Only 21 tonnes of gold have been mobilised in the last eight years under the gold monetisation scheme (GMS) which was announced by the Government of India in November 2015.
This could be considered as a failure as the scheme has undergone several changes with a revamped GMS announced in April 2021 to improve collections.
This figure was released by the World Gold Council (WGC) on Wednesday in its report titled ‘Gold Investment Market and Financialisation, in India gold market series’.
According to the WGC, India’s household holding stock of gold is estimated to be between 23,000 and 25,000 tonnes (valued at $1.4 trillion).
India imported 651 tonnes of gold in the 2022-23 financial year (FY23) and the country’s import bill stood at $31.7 billion for the year.
With widening current account deficit, it is high time for India to reduce gold import bill and WGC stresses upon popularising GMS to mobilise idle gold and channelise it for productive purpose by lending it to jewellers.
In November 2015, three schemes were introduced to reduce the import of gold and channelise idle gold lying with Indian households.
Apart from GMS, sovereign gold bond scheme was introduced.
So far, 110 tonnes worth bonds have been sold under the scheme.
As a result, the demand for physical gold has been reduced to an extent which has resulted in lower import.
The government also came out with gold coins — with the Ashoka pillar engraved in them – but was discontinued later.
GMS, though, has a huge potential to reduce import because gold mobilised under the scheme can be lent to jewellers as an option to import.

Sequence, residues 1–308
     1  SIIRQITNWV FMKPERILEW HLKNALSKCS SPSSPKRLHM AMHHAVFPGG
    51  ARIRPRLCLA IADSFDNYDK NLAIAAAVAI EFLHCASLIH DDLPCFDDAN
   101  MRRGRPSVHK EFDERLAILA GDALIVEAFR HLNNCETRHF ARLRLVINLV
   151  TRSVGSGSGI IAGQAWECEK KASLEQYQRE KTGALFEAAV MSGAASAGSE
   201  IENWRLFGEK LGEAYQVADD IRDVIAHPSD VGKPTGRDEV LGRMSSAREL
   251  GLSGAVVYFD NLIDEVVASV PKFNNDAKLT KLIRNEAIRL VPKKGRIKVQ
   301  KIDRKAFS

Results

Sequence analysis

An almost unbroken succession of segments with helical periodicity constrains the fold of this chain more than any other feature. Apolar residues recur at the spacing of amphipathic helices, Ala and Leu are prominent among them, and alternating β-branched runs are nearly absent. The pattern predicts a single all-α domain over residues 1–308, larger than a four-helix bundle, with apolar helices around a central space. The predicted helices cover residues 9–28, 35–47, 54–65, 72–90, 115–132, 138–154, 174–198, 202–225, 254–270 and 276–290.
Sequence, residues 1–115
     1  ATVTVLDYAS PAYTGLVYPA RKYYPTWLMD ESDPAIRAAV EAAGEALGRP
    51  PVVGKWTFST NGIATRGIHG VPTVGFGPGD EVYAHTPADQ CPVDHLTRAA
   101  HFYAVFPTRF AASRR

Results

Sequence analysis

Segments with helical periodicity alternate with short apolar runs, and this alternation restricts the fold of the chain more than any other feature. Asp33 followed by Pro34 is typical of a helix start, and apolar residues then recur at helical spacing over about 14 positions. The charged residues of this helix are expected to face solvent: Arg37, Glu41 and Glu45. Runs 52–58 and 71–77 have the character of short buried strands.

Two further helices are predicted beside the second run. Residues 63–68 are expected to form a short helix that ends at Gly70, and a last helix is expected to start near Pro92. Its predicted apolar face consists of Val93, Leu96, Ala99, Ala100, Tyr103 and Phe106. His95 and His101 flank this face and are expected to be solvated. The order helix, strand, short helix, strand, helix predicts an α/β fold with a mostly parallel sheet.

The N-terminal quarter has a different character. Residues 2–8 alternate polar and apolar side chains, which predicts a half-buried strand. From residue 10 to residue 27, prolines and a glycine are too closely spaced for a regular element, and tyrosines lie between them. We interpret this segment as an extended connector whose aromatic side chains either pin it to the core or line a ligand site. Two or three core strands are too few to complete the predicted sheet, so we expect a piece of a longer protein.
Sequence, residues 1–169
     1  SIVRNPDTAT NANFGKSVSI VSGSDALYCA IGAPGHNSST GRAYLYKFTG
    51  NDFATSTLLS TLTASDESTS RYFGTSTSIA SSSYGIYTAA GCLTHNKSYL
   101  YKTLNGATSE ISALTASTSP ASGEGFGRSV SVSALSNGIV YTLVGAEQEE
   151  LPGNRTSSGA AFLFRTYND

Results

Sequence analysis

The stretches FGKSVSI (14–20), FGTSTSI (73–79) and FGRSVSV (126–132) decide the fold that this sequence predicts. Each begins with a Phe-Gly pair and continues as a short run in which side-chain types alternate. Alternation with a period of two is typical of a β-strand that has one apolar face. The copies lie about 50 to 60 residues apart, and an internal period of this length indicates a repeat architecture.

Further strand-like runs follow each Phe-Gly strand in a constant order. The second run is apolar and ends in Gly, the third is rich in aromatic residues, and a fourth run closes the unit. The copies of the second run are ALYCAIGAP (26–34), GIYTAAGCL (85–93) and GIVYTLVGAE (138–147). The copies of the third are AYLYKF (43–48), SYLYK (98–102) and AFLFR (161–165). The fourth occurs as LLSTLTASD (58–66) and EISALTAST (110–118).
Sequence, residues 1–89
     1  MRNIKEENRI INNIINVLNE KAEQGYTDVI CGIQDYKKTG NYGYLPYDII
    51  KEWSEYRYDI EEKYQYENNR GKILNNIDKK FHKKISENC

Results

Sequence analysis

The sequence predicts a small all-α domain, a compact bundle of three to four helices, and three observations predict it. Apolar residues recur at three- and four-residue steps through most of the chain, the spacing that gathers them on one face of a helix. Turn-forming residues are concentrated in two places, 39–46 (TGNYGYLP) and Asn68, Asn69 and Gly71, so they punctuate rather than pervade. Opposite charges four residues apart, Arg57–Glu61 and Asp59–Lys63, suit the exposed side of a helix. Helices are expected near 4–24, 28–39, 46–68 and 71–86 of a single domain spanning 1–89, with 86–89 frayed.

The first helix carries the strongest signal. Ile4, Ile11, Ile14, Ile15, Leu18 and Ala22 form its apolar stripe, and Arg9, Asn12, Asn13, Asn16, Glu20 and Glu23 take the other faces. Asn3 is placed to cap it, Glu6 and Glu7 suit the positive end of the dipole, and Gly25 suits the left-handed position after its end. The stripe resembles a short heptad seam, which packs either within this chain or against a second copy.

With gold always vulnerable to rising import duties in India, WGC report says, “Increased participation in GMS is perhaps the only long-term solution to mitigate the adverse impact of gold imports on India’s current account deficit.’
The report pointed out that a lack of awareness about GMS is a key reason for tepid response and hence educating consumers is the key.
Another important headwind is the psychological hurdle that comes with melting jewellery due to an emotional and cultural attachment of Indian women when jewellery is melted.
Hence the council said, “The initial thrust of monetisation should therefore be on attracting retail bars and coins to place on deposit (these are not melted).
“It is also important to mobilise more gold from temple trusts, which tend to have large gold stocks.”
The report also highlighted the potential for revamping the gold market for collaterals.
The market for the precious commodity has flourished with a total of 2,950-3,350 tonnes being used as collaterals.
About 60 per cent of this market remains unorganized even if the share of organised lenders has risen from 35 per cent in 2019 to 40 per cent in 2022.
The report also says that the share of the organised sector in the gold loan market is expected to increase.
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